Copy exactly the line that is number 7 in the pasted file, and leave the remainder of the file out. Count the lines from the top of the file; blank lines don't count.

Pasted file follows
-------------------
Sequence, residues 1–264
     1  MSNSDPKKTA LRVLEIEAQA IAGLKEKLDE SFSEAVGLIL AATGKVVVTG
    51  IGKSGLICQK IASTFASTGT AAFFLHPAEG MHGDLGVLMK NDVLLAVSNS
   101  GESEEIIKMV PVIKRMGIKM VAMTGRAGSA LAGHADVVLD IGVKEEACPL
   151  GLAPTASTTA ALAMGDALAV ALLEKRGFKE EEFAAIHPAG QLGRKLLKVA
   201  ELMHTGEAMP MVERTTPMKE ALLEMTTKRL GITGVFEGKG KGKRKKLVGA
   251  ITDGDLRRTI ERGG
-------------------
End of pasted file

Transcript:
   251  ITDGDLRRTI ERGG